Development edit

The Étendard has its origins in the early 1950s, with the experiences of combatants in the Korean War and the lessons derived from it subsequently. Two separate specifications were offered to French manufacturers: one for the French Air Force and the other for the numerous air forces of the multinational NATO alliance.[1] In response, Dassault Aviation drew up a single basic design, with the intention that variants of it would satisfy both specifications.[1] These variants were designated Étendard II and Étendard VI respectively; according to Dassault, these aircraft would have incorporated major advances in terms of high lift devices, which enabled lower take-off and landing speeds to be used. The Étendard II was evidently optimised for speed and payload, while the Étendard VI was a more lightweight variant, aimed at export markets. However, despite the building of a prototype for both variants, there was initially little interest on the part of both the French military and other potential buyers.[1]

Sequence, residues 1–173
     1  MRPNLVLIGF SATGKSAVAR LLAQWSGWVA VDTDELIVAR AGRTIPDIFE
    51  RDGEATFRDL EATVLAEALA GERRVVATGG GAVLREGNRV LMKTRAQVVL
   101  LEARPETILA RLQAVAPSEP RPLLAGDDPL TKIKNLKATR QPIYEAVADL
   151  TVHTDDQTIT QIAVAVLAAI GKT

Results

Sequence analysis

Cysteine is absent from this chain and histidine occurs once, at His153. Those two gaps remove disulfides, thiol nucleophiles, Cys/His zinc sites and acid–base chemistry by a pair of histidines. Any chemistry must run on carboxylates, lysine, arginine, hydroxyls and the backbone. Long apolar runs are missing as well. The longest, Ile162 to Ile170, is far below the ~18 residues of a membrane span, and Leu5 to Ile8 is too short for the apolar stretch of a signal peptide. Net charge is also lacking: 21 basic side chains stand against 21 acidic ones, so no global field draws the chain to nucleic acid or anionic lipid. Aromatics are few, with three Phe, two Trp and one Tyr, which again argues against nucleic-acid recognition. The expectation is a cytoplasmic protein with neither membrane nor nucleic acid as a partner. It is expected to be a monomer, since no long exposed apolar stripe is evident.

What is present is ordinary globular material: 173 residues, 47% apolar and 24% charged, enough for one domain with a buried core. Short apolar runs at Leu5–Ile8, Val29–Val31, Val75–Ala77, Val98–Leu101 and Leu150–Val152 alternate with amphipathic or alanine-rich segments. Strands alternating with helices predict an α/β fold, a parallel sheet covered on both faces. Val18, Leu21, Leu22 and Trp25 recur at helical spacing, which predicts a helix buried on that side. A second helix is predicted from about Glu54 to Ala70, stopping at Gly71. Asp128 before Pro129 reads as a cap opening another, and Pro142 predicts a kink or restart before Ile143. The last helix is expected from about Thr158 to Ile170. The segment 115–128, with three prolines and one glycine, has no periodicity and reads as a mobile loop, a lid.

The prototype Étendard IV in flight, 1959.

However, this lack of demand did not curtail Dassault's ambitions. Early on, the company had decided to embark on the development of a larger and more powerful variant, which was originally designated as the Mystère XXIV, as a private venture in parallel to the issued specifications.[1][2] The French Navy showed open interest in this prospective Mystère XXIV variant. Bolstered by this, Dassault proceeded with the construction of a single navalised prototype, features of which included new navigation and radar systems, folding wings, deck landing hooks, along with the reinforcement of the fuselage.[1] Following a series of ground tests, its maiden flight occurred on 24 July 1956.[3]